Asa Hutchinson, a former governor of Arkansas, will be participating in this week’s first Republican primary debate as a late addition, taking the stage in Milwaukee. “I will be on the stage,” he assured Kasie Hunt on CNN’s “State of the Union” when asked about the debate.
“I’m pleased to announce that we have met all the criteria that the RNC set to be on the debate stage. We met the polling criteria and now we’ve met the 40,000 individual donor criteria. We’ve submitted to the RNC, 42,000 individual donors.”
On Sunday, Hutchinson met the Republican National Committee’s fundraising quota, allowing him to advance to the next round of the nomination process. According to POLITICO’s numbers, Hutchinson had already reached the 1 percent threshold required by the party committee to run.
Hutchinson also tweeted about the debate: “Thank you to everyone that donated for believing that consistent, commonsense, conservative leadership is needed to bring out the best of America!”
The tweet below verifies the news:
Republican presidential candidate and former Arkansas Gov. Asa Hutchinson said he has qualified for the first GOP primary debate, which will take place Wednesday in Milwaukee.https://t.co/rL4GIt6P29
— CNN (@CNN) August 20, 2023
According to POLITICO’s tracking, the former governor of Arkansas is the tenth candidate to qualify for the debate, joining former President Donald Trump, Florida Governor Ron DeSantis, businessman Vivek Ramaswamy, former Vice President Mike Pence, former U.N.
Ambassador Nikki Haley, South Carolina Senator Tim Scott, New Jersey Governor Chris Christie, North Dakota Governor Doug Burgum, and self-described “quality guru” Perry Johnson.
However, it is currently unclear how many persons will be present on stage, as it has not been determined whether or not all the candidates who claim to have qualified have truly done so. The RNC has not yet announced the candidates who will be formally participating.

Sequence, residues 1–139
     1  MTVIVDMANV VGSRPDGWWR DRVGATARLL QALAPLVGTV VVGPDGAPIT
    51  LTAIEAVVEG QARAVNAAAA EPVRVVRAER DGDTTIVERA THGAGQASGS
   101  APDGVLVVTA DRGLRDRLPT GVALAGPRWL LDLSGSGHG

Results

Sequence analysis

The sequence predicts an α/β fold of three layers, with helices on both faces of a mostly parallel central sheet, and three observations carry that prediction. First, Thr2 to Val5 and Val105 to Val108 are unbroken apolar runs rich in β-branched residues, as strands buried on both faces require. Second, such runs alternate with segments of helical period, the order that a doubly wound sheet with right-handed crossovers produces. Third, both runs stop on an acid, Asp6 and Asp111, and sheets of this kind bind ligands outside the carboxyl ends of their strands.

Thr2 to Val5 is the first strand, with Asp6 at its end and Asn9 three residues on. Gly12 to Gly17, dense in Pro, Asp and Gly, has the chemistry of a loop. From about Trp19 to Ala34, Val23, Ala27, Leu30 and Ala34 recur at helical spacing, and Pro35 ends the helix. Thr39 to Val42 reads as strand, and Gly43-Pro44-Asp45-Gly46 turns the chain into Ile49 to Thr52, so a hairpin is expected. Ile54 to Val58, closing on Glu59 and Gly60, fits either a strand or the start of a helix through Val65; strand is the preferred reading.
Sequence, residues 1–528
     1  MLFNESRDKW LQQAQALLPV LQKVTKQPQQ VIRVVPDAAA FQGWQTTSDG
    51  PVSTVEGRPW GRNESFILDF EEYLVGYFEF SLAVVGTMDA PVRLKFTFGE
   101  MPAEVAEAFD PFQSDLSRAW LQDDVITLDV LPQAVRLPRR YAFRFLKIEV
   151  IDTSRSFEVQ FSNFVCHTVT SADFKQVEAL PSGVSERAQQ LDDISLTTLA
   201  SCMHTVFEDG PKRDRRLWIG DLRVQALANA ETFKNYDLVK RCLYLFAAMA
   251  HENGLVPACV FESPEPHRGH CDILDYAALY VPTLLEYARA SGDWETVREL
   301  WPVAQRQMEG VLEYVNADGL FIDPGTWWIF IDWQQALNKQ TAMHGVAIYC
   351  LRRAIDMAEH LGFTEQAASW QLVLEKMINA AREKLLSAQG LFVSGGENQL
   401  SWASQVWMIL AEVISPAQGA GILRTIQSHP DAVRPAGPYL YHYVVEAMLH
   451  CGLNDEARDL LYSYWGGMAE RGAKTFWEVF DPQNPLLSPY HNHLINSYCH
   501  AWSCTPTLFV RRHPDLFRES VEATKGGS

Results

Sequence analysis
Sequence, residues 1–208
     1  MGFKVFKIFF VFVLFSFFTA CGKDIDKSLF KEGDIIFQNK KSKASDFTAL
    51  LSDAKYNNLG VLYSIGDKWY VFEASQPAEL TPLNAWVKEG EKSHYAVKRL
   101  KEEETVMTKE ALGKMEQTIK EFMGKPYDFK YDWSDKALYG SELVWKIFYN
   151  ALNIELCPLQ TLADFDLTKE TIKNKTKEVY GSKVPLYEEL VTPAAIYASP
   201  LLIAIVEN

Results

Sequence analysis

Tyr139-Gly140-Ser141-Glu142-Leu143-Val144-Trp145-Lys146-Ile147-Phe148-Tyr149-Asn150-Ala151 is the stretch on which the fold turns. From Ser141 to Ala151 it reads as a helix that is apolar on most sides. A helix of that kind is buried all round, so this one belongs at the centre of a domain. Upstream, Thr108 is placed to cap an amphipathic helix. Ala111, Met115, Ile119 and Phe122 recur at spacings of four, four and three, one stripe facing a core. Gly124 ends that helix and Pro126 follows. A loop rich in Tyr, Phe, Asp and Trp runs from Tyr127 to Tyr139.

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It’s also quite improbable that Trump, the GOP frontrunner, will attend. Hutchinson assured Hunt he would sign the necessary loyalty pledge to support the Republican Party’s ultimate nominee. I’m voting for the party’s official nominee.
“I don’t think it will be Donald Trump,” he declared. Adding that, based on the 14th Amendment’s language, he had doubts about Trump’s eligibility to serve as president.
Hutchinson was referring to Section 3 of the 14th Amendment:
“No person shall be a Senator or Representative in Congress, or elector of President and Vice-President, or hold any office, civil or military, under the United States, or under any State, who, having previously taken an oath, as a member of Congress, or as an officer of the United States, or as a member of any State legislature, or as an executive or judicial officer of any State, to support the Constitution of the United States, shall have engaged in insurrection or rebellion against the same, or given aid or comfort to the enemies thereof. But Congress may by a vote of two-thirds of each House, remove such disability.”
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